“She is afraid of Black Moth, to an extent—afraid of what she might be capable of while wearing the mask, afraid Black Moth will devour her entire self if she can’t have a safe place to be something other than the ruthless, composed, mythic figurehead she feels the revolution is forcing her to become. But she also feels she might need the identity to cope.”
There’s also the bittersweet prospect of Paige giving herself over to the Black Moth entirely. “In the last third of the book, she meets another character who has already spent many years as a revolutionary, who has had his own mask surgically fixed to his face so he can never remove it, and she finds that possibility both frightening and tempting,” Shannon says.
The Bone Season series is at its strongest when it focuses on the plight of the clairvoyants (referred to simply as “voyants”). Hunted down, persecuted for simply being who they are in Scion London, these gifted individuals struggle to make sense of the hatred directed against them. At the allegorical level, it is a wonderfully malleable narrative foundation, and it allows Shannon to invest in her characters’ hopes and fears in an unhurried fashion. As motivations and allegiances shift with every book in the series, the voyants learn how to control their strengths and weaknesses accordingly.
Fantasy fans are familiar with the linguistic delights of their beloved genre: Star Trek fans are often quite capable of holding entire conversations in Klingon while Game of Thrones fan forums still witness debates about the finer points of high Valyrian, the language of dragon-lore. In The Mask Falling, Shannon invents “Scion French”, a gender-neutral variant of the language (in the book, it is the 2060s after all).
In Scion French, a person picks their own noun depending upon their self-perceived gender identity, especially when the makeup of their larger group is unknown. Paige defaults to ‘les anormales’ (feminine), while Le Latronpuche (a French voyant, a ‘binder’ who can attach a spirit to a location using his own blood) uses ‘les anormaux’ (masculine). There are other clever fusions: because both ‘Madame’ and ‘Mademoiselle’ depend on what they convey about a woman’s age and/or marital status, Shannon uses “Madelle”, a portmanteau honorific that was once proposed for usage in Quebec.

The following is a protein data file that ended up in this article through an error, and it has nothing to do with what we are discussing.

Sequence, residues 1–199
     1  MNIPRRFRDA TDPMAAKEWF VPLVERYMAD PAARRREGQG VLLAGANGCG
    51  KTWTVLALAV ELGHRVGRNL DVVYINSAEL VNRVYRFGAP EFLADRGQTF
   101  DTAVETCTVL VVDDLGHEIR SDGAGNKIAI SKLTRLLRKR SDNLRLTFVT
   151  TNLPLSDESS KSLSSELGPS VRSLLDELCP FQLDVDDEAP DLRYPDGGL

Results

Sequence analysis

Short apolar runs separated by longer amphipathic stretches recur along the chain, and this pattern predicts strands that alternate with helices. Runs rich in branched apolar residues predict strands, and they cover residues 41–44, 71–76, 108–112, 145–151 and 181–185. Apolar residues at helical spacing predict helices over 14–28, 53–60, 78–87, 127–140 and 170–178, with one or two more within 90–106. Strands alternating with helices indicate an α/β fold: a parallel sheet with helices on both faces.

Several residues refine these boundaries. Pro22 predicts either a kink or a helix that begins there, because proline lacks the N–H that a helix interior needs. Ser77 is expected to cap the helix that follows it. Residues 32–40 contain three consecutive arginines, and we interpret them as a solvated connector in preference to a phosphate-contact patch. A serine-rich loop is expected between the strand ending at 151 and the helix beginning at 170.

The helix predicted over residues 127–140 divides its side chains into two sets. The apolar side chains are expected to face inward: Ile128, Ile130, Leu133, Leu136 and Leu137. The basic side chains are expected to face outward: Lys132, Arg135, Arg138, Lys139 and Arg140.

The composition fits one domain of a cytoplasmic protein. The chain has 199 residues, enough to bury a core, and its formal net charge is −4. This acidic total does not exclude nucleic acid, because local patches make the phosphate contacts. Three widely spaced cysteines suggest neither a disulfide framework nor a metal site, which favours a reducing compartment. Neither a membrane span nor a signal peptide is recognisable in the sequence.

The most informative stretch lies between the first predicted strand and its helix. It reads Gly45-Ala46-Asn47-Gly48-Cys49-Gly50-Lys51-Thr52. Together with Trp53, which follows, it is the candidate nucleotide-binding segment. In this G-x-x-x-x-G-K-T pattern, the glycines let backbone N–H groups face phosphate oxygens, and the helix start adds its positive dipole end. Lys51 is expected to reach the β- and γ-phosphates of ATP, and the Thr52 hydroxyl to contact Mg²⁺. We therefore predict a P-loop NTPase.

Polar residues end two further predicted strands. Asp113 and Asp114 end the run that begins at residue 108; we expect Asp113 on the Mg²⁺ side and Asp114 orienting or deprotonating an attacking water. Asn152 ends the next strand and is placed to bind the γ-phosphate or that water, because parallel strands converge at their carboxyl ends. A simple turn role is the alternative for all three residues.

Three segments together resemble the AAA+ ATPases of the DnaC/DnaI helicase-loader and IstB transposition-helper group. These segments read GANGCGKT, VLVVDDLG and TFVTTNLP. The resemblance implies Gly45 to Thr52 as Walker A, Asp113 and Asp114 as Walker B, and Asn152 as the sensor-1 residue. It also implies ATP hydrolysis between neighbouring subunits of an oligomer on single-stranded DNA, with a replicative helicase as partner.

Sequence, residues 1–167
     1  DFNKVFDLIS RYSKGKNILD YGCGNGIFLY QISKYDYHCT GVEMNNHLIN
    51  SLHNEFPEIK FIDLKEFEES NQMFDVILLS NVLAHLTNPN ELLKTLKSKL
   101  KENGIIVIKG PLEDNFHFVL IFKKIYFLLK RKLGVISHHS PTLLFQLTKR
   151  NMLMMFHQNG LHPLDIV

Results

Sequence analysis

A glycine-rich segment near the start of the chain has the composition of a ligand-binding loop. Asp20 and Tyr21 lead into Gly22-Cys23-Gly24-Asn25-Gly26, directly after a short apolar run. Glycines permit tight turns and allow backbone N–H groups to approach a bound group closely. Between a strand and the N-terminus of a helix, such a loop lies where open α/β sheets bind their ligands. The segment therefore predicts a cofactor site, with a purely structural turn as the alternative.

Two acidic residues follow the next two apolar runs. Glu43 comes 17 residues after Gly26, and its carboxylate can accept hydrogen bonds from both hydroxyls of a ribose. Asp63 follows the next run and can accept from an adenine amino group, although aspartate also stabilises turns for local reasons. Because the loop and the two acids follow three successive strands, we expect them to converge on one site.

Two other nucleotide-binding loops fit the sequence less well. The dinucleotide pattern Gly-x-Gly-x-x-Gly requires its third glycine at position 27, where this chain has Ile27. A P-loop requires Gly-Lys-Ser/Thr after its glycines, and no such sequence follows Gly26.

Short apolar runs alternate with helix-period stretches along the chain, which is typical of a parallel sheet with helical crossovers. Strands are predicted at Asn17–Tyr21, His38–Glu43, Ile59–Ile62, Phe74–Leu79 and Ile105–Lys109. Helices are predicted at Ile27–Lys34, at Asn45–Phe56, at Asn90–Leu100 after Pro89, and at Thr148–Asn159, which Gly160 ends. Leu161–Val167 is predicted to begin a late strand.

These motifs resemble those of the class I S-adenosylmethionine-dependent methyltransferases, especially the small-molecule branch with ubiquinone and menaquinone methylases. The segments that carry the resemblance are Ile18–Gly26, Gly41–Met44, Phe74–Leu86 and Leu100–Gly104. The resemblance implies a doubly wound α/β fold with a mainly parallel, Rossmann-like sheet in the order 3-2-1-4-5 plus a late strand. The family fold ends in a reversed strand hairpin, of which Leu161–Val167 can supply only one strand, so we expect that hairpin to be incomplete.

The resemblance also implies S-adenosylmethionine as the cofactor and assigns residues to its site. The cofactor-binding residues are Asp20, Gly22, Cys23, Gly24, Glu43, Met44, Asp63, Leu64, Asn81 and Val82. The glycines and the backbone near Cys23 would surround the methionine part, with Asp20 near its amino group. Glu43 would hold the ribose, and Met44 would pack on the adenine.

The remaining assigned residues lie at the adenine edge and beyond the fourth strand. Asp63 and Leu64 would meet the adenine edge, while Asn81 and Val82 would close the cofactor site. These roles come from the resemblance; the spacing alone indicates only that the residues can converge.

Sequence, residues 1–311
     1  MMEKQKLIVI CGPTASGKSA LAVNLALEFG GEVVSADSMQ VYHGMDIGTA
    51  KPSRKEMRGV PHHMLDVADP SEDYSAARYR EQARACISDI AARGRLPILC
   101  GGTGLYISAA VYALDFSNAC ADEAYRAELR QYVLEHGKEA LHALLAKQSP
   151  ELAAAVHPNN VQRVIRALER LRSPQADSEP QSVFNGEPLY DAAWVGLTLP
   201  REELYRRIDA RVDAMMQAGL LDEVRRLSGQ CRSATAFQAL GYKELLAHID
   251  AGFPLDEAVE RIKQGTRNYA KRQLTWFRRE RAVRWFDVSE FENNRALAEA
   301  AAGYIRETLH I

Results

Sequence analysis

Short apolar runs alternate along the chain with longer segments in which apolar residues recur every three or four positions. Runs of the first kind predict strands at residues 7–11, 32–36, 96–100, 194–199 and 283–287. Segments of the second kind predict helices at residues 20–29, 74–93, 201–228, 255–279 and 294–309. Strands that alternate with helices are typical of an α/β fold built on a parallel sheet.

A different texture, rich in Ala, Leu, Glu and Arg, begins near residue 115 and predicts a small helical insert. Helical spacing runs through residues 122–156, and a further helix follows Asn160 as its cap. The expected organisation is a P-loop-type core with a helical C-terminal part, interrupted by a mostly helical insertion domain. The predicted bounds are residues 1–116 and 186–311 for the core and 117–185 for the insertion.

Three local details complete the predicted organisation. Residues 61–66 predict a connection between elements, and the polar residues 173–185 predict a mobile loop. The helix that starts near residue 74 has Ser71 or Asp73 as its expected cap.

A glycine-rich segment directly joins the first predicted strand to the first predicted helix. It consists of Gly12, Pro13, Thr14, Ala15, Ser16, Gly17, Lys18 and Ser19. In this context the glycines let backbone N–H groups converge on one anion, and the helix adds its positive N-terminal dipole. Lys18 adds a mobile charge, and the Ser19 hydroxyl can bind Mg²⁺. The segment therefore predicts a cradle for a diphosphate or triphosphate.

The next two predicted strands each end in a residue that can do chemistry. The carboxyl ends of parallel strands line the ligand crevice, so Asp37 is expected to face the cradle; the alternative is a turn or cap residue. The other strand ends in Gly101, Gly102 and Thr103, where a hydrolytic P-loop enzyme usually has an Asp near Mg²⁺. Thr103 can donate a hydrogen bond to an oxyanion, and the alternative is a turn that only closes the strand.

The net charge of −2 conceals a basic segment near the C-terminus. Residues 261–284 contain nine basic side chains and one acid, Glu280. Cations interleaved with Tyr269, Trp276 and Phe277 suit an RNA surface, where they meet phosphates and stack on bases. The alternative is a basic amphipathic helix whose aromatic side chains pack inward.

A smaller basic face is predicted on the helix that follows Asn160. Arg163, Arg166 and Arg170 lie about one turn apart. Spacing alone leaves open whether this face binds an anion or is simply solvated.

“I’ve been fascinated by language and etymology for years, particularly how we use them in secondary books, and how language can uphold outdated ideals, even when society is starting to move past them,” Shannon says. “I also studied a Romance language at school for eight years, so I was already conscious of some of their gender-based constraints—they lack pronoun options for non-binary people, for example (although there are ongoing attempts to introduce them). When I set the book in Paris, I knew I was going to have to make some tweaks to French. Although the Republic of Scion is tyrannical, it isn’t sexist, so it made no sense that certain sexist rules of French would still apply.”
With so many of the world’s best and brightest novelists across genre turning their attention to TV and the streaming world (Michael Chabon, Eleanor Catton, Brit Bennett), has she considered making the shift?
“The problem with screenwriting, for me, is that I don’t have sufficient experience and knowledge to grasp what makes a good or bad script,” Shannon says. “I’m the same with poetry–I know when I’m reading a good poem, but I can’t put my finger on why it’s effective. I think I’ll be sticking to novels for a while, but I may try adapting The Priory of the Orange Tree at some point.”
Aditya Mani Jha is a Delhi-based writer.